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Crisp and Lightly Sweet

Fuyu Persimmons

For someone like me who cannot get through the day without fresh fruit, November provides some interesting alternatives. Because I am in Southern California, some of what I describe may not be available to those of you who inhabit colder climes.

Specifically, I am talking about two fruits that come into their own around now: the Fuyu Persimmon and the Asian Pear. Today, at the Westwood Farmers’ Market, I bought a couple of pounds of each.

Unless you are familiar with them, Fuyus look squat, hard and unripe. If you’ve ever bit into a hard Hachiya Persimmon and got a mouthful of alum, you are unlikely to experiment with Fuyus lest you repeat the negative effects. Fortunately, Fuyus taste good hard. Plus, having no inedible seeds or pits, you can just slice off the stiff top leaves and bite into the whole fruit like an apple without seeds.

You will notice two things right off: First, the Fuyu is quite crisp. And second, it is only lightly sweet. In contrast, a ripe Hachiya is, to my mind, too sweet. I rather like fruits that are not too sweet; that’s why I prefer Deglet Noor dates to the grossly sweet Medjools. Fuyus will keep for a week or more in the crisper of your refrigerator.

Asian Pear

Asian pears are very similar: They are crisp (somewhat like a Honey Crisp Apple) and lightly sweet, though they do have seeds like normal apples and pears. The main difference is that they taste best when peeled.

Predictably, Martine does not like either fruit; though I can’t seem to get enough of them. Not everybody likes the variety of fruit that I eat.

Just to show you how much variety there is in the produce throughout the year, check out this month by month list of what’s in season put out by the Southland Farmers’ Market Association. In contrast, here is what I imagine the offerings are in the Midwest, from which I originally hailed:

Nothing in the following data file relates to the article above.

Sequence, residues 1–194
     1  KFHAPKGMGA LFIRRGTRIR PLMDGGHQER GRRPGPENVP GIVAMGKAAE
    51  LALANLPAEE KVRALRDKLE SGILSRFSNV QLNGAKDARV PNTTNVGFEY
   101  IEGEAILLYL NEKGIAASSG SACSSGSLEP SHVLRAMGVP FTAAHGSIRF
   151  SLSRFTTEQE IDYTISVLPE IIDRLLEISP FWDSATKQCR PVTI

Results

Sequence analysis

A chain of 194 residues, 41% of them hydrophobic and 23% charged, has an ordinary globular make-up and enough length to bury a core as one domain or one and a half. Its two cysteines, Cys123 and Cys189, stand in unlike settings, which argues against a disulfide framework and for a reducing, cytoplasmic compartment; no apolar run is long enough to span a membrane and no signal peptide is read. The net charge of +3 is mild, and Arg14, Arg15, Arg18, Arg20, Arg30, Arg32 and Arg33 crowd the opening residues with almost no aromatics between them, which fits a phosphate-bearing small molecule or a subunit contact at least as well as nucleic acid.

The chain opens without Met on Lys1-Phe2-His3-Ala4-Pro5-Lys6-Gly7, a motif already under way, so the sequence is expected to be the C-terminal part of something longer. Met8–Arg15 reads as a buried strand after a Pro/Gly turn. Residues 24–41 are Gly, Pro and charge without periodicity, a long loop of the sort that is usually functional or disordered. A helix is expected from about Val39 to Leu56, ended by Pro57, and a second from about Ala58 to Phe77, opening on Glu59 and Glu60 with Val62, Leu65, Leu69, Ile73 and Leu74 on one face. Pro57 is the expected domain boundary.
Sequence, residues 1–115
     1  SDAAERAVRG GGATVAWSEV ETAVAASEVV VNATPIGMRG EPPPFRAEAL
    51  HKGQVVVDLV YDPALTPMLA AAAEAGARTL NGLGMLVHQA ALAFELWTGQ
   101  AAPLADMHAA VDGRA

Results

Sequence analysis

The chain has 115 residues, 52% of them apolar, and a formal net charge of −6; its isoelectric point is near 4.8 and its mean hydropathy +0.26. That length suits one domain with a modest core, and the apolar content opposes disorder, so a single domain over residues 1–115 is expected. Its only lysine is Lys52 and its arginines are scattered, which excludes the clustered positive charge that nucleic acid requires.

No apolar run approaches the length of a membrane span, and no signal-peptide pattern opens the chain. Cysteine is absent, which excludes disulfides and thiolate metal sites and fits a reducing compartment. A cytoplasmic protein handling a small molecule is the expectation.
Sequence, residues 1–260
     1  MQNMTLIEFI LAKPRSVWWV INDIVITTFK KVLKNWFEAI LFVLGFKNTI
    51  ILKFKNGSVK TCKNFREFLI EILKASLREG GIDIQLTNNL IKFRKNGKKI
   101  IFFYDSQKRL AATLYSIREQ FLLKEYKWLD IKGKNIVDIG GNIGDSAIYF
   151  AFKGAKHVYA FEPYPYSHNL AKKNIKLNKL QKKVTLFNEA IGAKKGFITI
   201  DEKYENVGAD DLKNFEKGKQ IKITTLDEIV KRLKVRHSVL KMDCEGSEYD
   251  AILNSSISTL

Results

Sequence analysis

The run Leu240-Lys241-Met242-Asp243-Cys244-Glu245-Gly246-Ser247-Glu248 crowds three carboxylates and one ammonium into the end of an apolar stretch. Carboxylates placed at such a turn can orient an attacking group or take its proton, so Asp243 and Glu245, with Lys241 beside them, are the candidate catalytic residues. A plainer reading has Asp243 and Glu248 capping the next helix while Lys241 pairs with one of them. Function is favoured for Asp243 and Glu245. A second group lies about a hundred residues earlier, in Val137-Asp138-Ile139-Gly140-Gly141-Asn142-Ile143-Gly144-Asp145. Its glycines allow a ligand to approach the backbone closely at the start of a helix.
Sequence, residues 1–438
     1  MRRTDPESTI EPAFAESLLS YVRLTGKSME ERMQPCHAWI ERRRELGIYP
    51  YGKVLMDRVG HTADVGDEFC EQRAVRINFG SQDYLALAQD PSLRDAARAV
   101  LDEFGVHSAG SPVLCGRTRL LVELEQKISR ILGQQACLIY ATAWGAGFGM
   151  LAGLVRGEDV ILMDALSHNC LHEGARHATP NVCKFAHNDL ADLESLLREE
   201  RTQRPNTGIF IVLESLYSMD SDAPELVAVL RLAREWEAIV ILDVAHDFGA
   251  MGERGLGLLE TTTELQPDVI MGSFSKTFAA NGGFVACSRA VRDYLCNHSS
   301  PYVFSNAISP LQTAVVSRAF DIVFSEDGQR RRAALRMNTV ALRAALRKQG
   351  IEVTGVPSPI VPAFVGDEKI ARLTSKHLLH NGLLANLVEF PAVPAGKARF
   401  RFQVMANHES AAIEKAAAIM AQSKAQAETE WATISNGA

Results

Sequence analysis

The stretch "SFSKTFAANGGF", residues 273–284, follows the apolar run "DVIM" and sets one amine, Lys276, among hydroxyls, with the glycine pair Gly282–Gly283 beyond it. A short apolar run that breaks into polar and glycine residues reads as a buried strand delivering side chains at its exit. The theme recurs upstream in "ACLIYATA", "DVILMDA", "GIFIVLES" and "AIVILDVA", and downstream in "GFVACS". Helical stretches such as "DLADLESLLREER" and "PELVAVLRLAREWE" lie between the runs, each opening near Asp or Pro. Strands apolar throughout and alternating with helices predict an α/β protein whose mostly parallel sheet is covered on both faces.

January – French Fries
February – French Fries
March – French Fries
April – French Fries
May – French Fries
June – Cherries, French Fries
July – Lots to Choose From
August – Lots to Choose From
September – Melons, French Fries
October – French Fries
November – French Fries
December – French Fries

Okay, that may be a bit of an exaggeration, considering that California and Florida are busy shipping fruits all around the country—especially citrus fruits during the winter months—but the picture tends to be pretty bleak in general.

10 thoughts on “Crisp and Lightly Sweet

  1. very interesting about the dates. my fave can’t get here: loquata. can cure nearly everything with enough loquats……& passion fruit, I remember you don’t like them, I on the other hand have never tasted them fresh. & they contain telepathins, aka harmalines. I have a passion plant, It sends out fronds every season when it’s comming up warm & usually produces a flower, this year though none.

  2. I expect you’ve read brillat-savarin’s the physiology of taste, perhaps in the mfk translation: in her gloss, #31 pg 425: Medlars were called loquats, from the japanese, when I was a child in southern california, and they were the only thing I ever stole. They always seemed to grow outside the tight-lipped houses of very cross old women who would peek at us marauders and shrill at us. There are very few of the tall dark green trees left, and most people have never tasted the beautiful voluptuous bruised fruits, nor seen the satin brown seeds, so fine to hold. The last time I saw loquats was in 1947, in the lobby of the palace hotel in san francisco, many of them almost dead ripe on a long branch in the flower shop there. My early experience as a thieving gourmande warned me that thay would be at their peek of decay in about six hours. That made it midnight. I asked the flower girl if the shop would be dopen then, and she said yes and I was there at midnight, but the fruit was gone. It smelled, she said. Of course I cried sadly to myself, and I left with the ever-remembered perfume in my spiritual nostrils, envying her, thinking with shakespear, “You’ll be rotten ere you be half ripe, and that’s the the right virtue of the medlar…..’

  3. I have not read Brillat-Savarin, and I have never tasted a loquat, though they look very similar to persimmons. Come to think of it, I have never seen loquats for sale in the markets around here. Interesting.

  4. the loquats I ate were in my mother’s garden: dwarf trees so you could reach the fruit easily. they don’t look like persimmons, thy’re (asa I recall, this was in 1972) yellow, & inside are three smooth oval stones.

  5. not sure if you know about brillat savarin: he was an 18th century lawyer who never married but was probably not “gay”, he wrote this book over many years & finally self-published it. since then it’s gone through many translations. I found it marvelous, as did mrs. fisher, she about said she was in love with him, though he had died more than 100 years before.

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